While the PSU is turned off, the right side of the unit is entirely plain and, unlike the metallic matte body of the unit, it is a glossy acrylic. There is an RGB display hidden behind the acrylic, displaying the unit’s model and three practical figures – power output, temperature, and fan RPM. The PSU needs to be installed with care because the acrylic can be very easily scratched.
However, the real problem here is the orientation of the PSU itself – if users select a case that has the PSU compartment located at its bottom, they will have to make a choice between showcasing the RGB fan or the side panel display. It is also likely that the side panel display will not be visible even if the PSU is located at the top of the case, as many products are designed so as to hide the PSU from direct eye contact.
Cooler Master has rebranded the 135 mm RGB fan that is inside the XG Plus Platinum unit. The fan has a hydro-dynamic sleeve bearing, which is both quiet and reliable. It has a maximum speed of 1800 RPM, which is a lot for a fan of that size but, according to the graphs that are printed on the box, the fan should not even reach 1000 RPM under normal ambient conditions.
The inside of the XG Plus Platinum is unlike any platform that we have encountered before, with Cooler Master insisting that this PSU is entirely of their own design. Huizhou Xinhuiyuan Technology might kind of disagree with that claim though. Nonetheless, we have no details regarding the platform or how much Cooler Master’s engineers were involved on its design.
The filtering stage of the Cooler Master XG Plus Platinum PSU is textbook, with a total of four Y capacitors, two X capacitors, and two filtering inductors. There also is a relay to bypass the NTC for increased efficiency. The rectifying bridges are placed on the main heatsink of the primary side’s inverting components. The active APFC components are attached to a separate heatsink across the side of the unit. Nippon Chemi-Con supplies the large 450V/680μF APFC capacitor, which is placed right next to a sizable filtering coil.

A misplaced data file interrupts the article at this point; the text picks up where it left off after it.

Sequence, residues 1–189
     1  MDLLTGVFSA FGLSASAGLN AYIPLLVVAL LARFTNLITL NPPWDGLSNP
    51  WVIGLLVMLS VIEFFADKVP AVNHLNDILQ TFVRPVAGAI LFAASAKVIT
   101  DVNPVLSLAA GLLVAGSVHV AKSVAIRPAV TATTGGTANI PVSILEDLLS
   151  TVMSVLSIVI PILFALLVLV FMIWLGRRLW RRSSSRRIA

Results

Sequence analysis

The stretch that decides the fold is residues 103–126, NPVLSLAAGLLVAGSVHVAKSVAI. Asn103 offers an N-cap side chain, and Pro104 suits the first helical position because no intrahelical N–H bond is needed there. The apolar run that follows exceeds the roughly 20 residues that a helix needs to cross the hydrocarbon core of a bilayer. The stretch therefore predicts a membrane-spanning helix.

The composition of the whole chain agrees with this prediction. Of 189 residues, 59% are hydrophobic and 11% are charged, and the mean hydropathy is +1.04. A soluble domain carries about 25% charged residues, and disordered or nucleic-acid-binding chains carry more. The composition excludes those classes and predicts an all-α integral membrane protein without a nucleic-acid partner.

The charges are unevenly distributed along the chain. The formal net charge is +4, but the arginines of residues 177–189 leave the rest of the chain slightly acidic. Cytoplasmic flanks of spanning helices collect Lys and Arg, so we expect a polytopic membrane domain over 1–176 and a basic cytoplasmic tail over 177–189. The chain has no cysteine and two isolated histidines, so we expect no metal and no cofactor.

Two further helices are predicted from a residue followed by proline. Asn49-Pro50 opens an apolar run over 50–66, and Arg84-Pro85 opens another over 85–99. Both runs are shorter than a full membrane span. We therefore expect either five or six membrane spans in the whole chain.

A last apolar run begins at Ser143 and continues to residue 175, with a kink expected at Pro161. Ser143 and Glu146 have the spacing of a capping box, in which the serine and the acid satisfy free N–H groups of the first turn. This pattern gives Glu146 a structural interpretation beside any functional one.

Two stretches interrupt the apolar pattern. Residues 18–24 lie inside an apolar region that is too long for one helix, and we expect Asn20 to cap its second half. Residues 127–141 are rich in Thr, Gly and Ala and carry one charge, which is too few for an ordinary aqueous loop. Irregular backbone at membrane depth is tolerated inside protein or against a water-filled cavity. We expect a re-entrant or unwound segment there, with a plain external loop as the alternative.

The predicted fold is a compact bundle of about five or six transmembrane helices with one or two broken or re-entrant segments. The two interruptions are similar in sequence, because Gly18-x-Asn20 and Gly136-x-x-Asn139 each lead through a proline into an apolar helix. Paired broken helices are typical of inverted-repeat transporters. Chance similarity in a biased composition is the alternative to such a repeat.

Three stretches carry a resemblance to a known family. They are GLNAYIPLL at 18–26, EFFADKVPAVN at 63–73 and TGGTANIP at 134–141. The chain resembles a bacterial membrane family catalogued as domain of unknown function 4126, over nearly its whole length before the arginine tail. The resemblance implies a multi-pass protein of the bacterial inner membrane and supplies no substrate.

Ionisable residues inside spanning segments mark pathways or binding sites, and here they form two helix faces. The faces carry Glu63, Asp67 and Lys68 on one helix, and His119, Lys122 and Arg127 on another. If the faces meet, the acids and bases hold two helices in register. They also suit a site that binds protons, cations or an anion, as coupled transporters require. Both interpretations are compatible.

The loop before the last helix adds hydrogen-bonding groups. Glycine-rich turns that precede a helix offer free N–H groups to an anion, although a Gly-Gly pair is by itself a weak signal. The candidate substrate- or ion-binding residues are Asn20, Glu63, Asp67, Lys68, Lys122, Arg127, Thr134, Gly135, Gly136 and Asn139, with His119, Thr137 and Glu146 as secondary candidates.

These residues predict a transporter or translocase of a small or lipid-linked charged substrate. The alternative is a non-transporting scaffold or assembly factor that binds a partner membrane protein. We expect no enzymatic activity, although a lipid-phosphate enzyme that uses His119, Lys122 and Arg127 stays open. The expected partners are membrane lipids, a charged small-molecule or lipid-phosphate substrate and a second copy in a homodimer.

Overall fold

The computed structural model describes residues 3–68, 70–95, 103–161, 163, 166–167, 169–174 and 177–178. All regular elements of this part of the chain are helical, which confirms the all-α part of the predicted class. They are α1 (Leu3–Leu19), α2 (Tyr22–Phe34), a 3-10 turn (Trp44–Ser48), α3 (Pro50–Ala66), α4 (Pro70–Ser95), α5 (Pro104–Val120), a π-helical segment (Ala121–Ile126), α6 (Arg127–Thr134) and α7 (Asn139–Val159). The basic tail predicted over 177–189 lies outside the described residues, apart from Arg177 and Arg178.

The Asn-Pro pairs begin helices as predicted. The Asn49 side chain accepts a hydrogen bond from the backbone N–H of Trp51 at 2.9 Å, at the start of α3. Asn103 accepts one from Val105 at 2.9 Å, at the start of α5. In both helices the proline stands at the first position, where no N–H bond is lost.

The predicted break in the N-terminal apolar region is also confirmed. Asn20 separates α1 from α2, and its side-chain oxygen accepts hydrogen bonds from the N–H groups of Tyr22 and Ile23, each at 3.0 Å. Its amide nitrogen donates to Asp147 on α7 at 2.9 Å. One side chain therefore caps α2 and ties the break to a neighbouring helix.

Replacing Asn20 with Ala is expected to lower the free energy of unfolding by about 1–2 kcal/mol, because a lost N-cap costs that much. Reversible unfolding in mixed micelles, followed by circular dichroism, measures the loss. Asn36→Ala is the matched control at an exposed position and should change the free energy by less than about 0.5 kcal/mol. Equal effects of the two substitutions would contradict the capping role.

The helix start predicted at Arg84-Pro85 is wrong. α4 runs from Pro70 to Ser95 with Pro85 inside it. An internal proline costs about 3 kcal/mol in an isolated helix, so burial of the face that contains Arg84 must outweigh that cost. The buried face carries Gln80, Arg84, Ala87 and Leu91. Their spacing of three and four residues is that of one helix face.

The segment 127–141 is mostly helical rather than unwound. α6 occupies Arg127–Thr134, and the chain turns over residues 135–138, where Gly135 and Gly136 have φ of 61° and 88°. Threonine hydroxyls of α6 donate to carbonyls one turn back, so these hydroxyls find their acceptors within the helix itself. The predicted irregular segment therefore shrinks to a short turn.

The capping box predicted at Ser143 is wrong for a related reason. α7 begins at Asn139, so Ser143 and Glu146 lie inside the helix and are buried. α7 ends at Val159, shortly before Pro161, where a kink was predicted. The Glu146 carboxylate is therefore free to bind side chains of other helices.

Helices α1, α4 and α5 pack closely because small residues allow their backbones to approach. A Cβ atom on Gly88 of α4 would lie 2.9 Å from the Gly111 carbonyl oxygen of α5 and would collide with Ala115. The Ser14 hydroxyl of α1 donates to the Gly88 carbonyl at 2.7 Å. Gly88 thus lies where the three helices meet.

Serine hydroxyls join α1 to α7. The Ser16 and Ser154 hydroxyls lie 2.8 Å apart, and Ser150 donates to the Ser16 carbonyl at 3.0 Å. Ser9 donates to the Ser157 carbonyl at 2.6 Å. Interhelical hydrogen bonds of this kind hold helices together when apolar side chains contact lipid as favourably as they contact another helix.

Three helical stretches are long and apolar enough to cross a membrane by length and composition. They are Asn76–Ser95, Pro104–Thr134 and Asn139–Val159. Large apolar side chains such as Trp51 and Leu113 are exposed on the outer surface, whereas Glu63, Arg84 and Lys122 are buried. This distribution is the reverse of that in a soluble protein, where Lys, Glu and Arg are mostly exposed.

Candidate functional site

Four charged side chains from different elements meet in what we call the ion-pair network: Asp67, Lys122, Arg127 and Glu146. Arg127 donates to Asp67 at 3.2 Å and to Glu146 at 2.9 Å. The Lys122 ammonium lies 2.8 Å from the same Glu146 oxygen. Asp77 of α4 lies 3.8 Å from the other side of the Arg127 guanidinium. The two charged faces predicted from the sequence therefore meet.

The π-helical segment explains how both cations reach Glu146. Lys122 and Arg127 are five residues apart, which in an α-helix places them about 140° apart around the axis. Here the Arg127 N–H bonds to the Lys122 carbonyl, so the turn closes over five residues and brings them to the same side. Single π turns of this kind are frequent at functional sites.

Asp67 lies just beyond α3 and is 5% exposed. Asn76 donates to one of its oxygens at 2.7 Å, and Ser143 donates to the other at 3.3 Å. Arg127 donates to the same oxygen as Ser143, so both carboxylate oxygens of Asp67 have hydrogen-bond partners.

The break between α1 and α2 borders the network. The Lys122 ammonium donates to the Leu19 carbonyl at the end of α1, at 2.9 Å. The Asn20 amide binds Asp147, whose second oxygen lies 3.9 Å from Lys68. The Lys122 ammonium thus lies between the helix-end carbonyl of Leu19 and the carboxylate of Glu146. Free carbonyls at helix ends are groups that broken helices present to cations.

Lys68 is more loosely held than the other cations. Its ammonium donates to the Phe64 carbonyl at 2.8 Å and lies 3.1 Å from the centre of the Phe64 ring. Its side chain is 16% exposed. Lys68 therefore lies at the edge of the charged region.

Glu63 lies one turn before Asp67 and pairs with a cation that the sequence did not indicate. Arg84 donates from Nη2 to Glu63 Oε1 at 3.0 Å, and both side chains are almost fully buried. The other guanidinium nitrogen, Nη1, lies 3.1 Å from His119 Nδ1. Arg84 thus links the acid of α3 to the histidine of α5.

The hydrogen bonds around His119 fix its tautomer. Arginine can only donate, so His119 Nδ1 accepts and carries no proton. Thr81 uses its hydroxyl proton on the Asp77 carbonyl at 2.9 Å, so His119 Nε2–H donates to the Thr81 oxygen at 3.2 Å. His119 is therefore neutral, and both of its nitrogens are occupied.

On the primary side of the main transformer, four transistors form a full-bridge inversion topology, while four MOSFETs generate the 12V line at the secondary side of the transformer. It is noteworthy that these four MOSFETs are the JMSL040SAG by JieJie Microelectronics, a company whose products we’ve never encountered before. For the record, the MOSFETs on the primary side (NCE65TF130) are provided by NCE Power.
The 3.3V and 5V lines are being generated via the DC-to-DC conversion circuits. This would have been a typical configuration for any unit with a high efficiency certification, with the unique characteristic here being that the conversion circuitry is placed directly onto the board with the cable connectors instead of stand-alone PCBs. All of the secondary capacitors, electrolytic and polymer alike, are provided by Nippon Chemi-Con and Nichicon, both of which are highly reputable Japanese manufacturers.